It may be too late for that. Latin America has become deeply divided by the triumphal march of left-wing populists, as they undermine democratic institutions in several countries, thereby provoking the opposition.

Hugo Chavez, who plotted a coup attempt in the 1990s himself, now keeps a close watch on opposition members and the critical media. The separation of powers is virtually nonexistent in Venezuela. In Nicaragua, where former revolutionary leader Daniel Ortega has been in power for the past three years, the Sandinistas rigged the results of the last local elections, prompting Washington and the European Union to cancel financial aid to Managua.

But the OAS has remained silent on these events in its member states. Even the moderate governments in Brazil and Chile have exercised restraint, despite the considerable influence they wield in the region. Instead, they invoke the principle of non-intervention.

But this principle hasn't applied to the coup in Honduras. As a result, Chavez and Ortega have been able to paint themselves as defenders of democracy, along with of all people Cuban President Raul Castro. In a hastily convened summit meeting of Latin American presidents last week in Managua, they called for economic and political sanctions, and Chavez even blustered about military intervention.

It now remains to be seen if the region's political institutions will be capable of withstanding the ongoing tensions.

Small Elite Dominate

And these persist in many Latin American countries. The wide divide in income distribution, the region's long-standing affliction, has not been closed since the return of democracy in the 1980s and 1990s. Conditions have only become somewhat more equitable in a handful of countries. Meanwhile, populists to the left and right are successfully courting the still large numbers of poor people in their countries.

Meanwhile, for decades a small elite has continued to dominate the parliaments, judiciary and governments of many countries and the traditional parties have fallen into decadence. The new man in power in Honduras, Micheletti, a wealthy businessman, has been a member of the congress there for 27 years -- and a typical representative of the upper class, which sees the state as its private property. These conditions make it all the easier for leftist demagogues to incite the masses to class struggle.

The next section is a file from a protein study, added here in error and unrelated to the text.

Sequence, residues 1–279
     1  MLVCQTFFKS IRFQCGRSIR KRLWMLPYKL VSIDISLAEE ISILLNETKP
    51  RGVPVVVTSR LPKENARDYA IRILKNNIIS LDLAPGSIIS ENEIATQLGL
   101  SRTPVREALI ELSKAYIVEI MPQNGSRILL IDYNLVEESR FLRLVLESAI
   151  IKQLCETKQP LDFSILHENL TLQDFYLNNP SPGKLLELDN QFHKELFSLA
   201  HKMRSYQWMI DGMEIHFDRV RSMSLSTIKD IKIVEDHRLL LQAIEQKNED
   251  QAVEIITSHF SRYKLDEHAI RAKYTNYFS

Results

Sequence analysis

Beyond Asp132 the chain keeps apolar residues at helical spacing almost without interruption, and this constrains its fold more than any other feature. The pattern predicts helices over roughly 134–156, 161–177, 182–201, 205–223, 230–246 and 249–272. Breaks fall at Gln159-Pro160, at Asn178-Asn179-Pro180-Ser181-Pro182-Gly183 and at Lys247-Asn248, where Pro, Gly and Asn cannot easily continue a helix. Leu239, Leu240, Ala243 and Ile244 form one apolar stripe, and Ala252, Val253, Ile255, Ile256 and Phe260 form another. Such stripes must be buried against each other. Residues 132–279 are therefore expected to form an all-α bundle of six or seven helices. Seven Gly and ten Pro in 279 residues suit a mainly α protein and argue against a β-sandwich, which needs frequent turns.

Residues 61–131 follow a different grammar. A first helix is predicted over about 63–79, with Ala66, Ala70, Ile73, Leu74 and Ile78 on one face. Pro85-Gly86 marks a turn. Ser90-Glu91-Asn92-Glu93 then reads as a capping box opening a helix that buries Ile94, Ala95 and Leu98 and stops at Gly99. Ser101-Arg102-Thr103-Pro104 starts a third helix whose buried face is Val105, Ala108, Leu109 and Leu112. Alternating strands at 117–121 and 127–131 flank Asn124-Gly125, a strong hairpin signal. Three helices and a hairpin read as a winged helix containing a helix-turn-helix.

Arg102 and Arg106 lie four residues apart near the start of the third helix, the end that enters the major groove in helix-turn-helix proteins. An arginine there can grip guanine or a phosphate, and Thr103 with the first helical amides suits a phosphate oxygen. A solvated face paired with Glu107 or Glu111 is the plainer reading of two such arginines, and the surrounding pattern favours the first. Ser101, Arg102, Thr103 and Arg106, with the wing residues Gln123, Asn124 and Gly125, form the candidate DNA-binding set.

Most Latin American constitutions contained a built-in mechanism to curb the temptations of authoritarianism: a ban on reelecting the president. In the 1990s, however, Argentina's President Carlos Menem and Brazilian Social Democratic President Fernando Henrique Cardoso were the first to push through constitutional amendments that permitted them to serve a second term. Conservative Columbian President Alvaro Uribe has also taken this step, and now he is even flirting with the possibility of a third term.

Parallel Power Structures

When intervening in their constitutions, Chavez and his cohorts promptly turn their entire political systems upside down. They establish parallel power structures tailored to keeping them in control. The Venezuelan president has set up militias, and in Nicaragua so-called people's councils and gangs of thugs have been established to secure the president's position. Both countries are on the verge of dictatorship.

The most reactionary representatives of the old elite, backed into a corner as a result of these tactics, take a tried-and-tested approach to the advance of leftist strongmen: they stage coups. In Venezuela, wealthy businesspeople and rebellious officers deposed Chavez seven years ago, with the US looking on benevolently. But the putschists had underestimated the political support for the president, and after three days Chavez made a triumphant return to office.

Bolivian President Evo Morales claims that right-wing groups have tried to kill him, and that he barely managed to escape an assassination attempt in April. Although the circumstances of the conspiracy are unclear, his accusations cannot be denied, especially after a video was released in which one of the presumed assassins shot by the police had announced his intention to fight the "leftist dictatorship" as a mercenary.

The perpetrators of the coup in Honduras have also apparently miscalculated. The OAS, which Chavez once demonized as a stooge of the United States, expelled Honduras on Saturday after it failed to reinstate the elected President Zelaya. When the ousted leader attempted to return to Tegucigalpa on Sunday, accompanied by OAS Secretary General Insulza, Argentine President Cristina Kirchner and other politicians, his plane was turned back.

On Thursday the two rivals refused to meet face-to-face during talks organized by Costa Rican President Oscar Arias. Arias, who won the 1987 Nobel Peace Prize for helping Central Americans resolve their civil wars, held separate talks with Zelaya and Micheletti in the Costa Rican capital San Jose in an attempt to resolve the Honduras crisis. Afterwards the Costa Rican leader said that any resolution to the dispute must include Zelaya's reinstatement as president.

Last week, the new government received a foretaste of what the small country could face if the putchists refuse to comply. For 48 hours, the neighboring countries of Nicaragua, El Salvador and Guatemala closed their borders to trade with Honduras. Within hours, a backup of dozens of trucks developed at the El Espino border crossing. As the drivers dozed in hammocks under the trucks, their loads of meat and vegetables spoiled in the heat.

Marcos Rojas, the deputy mayor of San Marcos de Colón, fears that food and gasoline could soon become scarce in his small city. "Now we have to pay for what the putschists have brought upon us."

Translated from the German by Christopher Sultan